Former "Love Island" and "Celebs Go Dating" contestant Mike Thalassitis was found dead over the weekend in Essex, England.
The reality TV star was only 26 years old and reportedly took his own life.
"Everyone at ITV2 and 'Love Island' are shocked and saddened by this terrible news. Our thoughts and deepest condolences are with Mike's family and friends at this very sad time,” a spokesman for ITV, which is the production company behind “Love Island,” said in a statement.
According to a fellow contestant on the British reality TV show, Montana Brown, Thalassitis was in a "dark place" following the recent deaths of his grandmother and best friend.
"Now I know you were in a dark place a few months back and I thought you were past it and that you were on the up. I got you to buy The Magic, you wrote down your gratitudes, you had the pictures of your family in your car to remind you to be grateful for them. I just don’t know how I didn’t notice... I am absolutely heartbroken that I couldn’t help you," Brown wrote on social media.
"I can’t imagine how much pain you must have been in to do this, and the fact that you went through this on your own breaks my heart. I’m so so sorry I couldn’t do more to help you. I have so much love for you Mike and I will never forget you. Sleep tight darling and I miss you so much already," she added.
Several other contestants from Thalassitis's season of "Love Island" and previous seasons also took to social media to bring attention to the fact that he felt alone. Rykard Jenkins and Malin Andersson described how reality TV stardom is intense and there isn't a guidebook to how to handle the pressures.
Echoing their thoughts, former "Love Island" star Kady McDermot voiced that she believes the producers of reality shows need to help the contestants cope with fame after the show because being an "overnight" star can be challenging.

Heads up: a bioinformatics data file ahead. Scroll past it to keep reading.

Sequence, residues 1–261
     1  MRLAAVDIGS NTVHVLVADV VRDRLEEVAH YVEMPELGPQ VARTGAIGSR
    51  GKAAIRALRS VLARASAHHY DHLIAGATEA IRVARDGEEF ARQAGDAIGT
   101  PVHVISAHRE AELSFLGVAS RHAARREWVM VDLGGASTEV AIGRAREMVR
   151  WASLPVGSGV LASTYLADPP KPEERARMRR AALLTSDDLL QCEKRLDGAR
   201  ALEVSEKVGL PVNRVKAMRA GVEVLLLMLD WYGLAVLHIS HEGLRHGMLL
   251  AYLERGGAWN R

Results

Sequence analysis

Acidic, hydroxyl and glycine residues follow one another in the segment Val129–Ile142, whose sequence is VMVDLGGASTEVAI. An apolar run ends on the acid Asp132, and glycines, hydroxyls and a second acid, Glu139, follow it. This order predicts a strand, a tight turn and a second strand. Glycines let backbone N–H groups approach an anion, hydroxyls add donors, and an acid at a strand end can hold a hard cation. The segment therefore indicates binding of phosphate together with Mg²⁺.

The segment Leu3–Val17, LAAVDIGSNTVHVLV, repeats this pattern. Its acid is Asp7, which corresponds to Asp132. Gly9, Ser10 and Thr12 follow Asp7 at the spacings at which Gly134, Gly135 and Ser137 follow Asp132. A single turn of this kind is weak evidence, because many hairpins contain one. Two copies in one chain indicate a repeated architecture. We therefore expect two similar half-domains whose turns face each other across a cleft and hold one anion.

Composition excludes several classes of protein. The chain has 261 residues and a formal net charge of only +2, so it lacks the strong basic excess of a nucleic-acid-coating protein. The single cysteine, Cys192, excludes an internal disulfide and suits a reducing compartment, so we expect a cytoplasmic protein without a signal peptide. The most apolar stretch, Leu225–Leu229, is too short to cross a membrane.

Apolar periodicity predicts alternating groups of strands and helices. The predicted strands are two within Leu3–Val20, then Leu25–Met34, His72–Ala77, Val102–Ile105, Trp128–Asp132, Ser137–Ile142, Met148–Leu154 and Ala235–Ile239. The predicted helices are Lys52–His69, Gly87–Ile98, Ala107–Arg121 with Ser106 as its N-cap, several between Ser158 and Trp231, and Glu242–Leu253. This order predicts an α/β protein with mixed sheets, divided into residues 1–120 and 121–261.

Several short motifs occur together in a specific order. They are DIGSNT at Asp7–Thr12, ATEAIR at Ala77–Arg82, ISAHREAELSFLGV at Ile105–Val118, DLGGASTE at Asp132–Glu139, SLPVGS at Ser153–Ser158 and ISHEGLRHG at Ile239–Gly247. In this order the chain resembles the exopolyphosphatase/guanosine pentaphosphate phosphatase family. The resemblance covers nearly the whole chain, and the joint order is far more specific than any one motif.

Another "Love Island" contestant from the 2016 season, Rachel Fenton, revealed she was only offered a "chat" about mental health when first entering the villa. “I hope this educates 'Love Island' producers to provide the necessary support to everyone who enters the show," she wrote. “You get a ‘chat’ with a mental health nurse before you enter the villa but that’s it. Not a single thing after you leave."
ITV told Variety in a statement that the contestants' mental and emotional health is very important to them. “We ensure that all of our contributors are able to access psychological support before, during and after appearing on the show,” it said. “The program will always provide ongoing support when needed and where appropriate.”
“We also discuss at length with all of our Islanders, before and after the show, how their lives might change and they have access to support and advice to help with this,” it added.
Thalassitis isn't the first "Love Island" contestant to die prematurely. Sophie Gradon, from the show's second season in 2016, was found dead at 32 years old in June 2018. It was reported her death was by suicide but her parents are disputing that and have launched an investigation into the circumstances surrounding her passing.
Then, less than a month after Gradon's death, her boyfriend Aaron Armstrong, was found dead in his Northumberland apartment. His cause of death is not yet known.